COVID-19-and-Improving-Indoor-Air-Quality-in-Schools Improving Indoor Air Quality in Schools

Improving Indoor Air Quality in Schools

​​​​​​​​Having good ventilation and air filtration in schools is very important to reduce COVID-19 and other respiratory diseases that spread through the air. Improving indoor air quality also creates a healthier school environment by limiting exposure to harmful chemicals and wildfire smoke (PDF). In addition, cleaner air quality can increase student performance and attendance. Improve indoor air quality by using one or more of the following strategies:

Optimize or Upgrade Your Mechanical Ventilation (HVAC) Systemhvac_fl

The HVAC system reduces hazards in the air by pulling in outdoor air and circulating indoor air through filters. Work with facility managers to optimize the HVAC system by reviewing the California Department of Public Health (CDPH) Guidance for Ventilation. Work with indoor air quality or ventilation consultants to assess whether the HVAC system needs an upgrade.

Open Doors and Windows (Natural Ventilation)
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While natural ventilation can be an important tool to improve air quality, it is not as easy to control as mechanical ventilation. Opening windows and hallway doors on opposite sides of the room creates a cross draft which is the best way to naturally introduce outside air. Use carbon dioxide (CO2) monitors to determine if enough outdoor air is being brought into a classroom from natural or mechanical ventilation. Levels above 800 parts per million (ppm) CO2 can indicate more outdoor air is needed.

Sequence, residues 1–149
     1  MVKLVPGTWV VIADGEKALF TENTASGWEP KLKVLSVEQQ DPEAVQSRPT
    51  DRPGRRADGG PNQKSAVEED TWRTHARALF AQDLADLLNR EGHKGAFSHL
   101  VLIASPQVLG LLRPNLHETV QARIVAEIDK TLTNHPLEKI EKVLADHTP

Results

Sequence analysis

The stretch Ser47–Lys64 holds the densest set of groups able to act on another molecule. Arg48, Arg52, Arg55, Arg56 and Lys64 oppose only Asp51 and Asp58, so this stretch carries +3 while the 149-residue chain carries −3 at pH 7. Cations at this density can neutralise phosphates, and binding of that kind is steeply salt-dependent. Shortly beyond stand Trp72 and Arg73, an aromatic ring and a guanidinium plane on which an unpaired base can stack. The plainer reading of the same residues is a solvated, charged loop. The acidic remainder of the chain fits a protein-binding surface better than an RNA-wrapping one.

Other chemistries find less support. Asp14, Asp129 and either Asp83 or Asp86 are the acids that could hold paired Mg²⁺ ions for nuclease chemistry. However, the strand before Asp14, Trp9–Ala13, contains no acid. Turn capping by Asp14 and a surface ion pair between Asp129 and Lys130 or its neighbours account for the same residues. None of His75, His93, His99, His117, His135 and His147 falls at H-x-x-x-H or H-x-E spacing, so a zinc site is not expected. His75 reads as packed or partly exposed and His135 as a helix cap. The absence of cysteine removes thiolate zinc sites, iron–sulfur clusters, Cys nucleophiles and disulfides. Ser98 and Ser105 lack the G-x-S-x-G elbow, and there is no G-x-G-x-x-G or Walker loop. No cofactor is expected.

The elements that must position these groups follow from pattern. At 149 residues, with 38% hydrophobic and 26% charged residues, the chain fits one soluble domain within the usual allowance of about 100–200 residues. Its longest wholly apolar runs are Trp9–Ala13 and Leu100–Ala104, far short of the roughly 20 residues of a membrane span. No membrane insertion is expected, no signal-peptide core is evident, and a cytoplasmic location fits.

Add Portable Air Cleaning Devices (PACs)PACs

Place portable air cleaning devices in classrooms (PDF) to supplement mechanical and natural ventilation. PACs are recommended to be used during wildfire smoke events when windows an​​d doors need to be closed and outdoor air quality is poor. Purchase PACs that are sized appropriately and circulate air through High Efficiency Particulate Air or “HEPA” filters. HEPA filters remove infectious particles by filtering them out of the air. Avoid devices that advertise ionizer, ozone, or other cleaning methods that add chemicals to the air. Alternatively, a low-cost DIY PAC can be built and added to classrooms as a temporary alternative but not for permanent use. ​

For more detailed information on improving indoor air quality, review the CDPH Guidance for Ventilation.​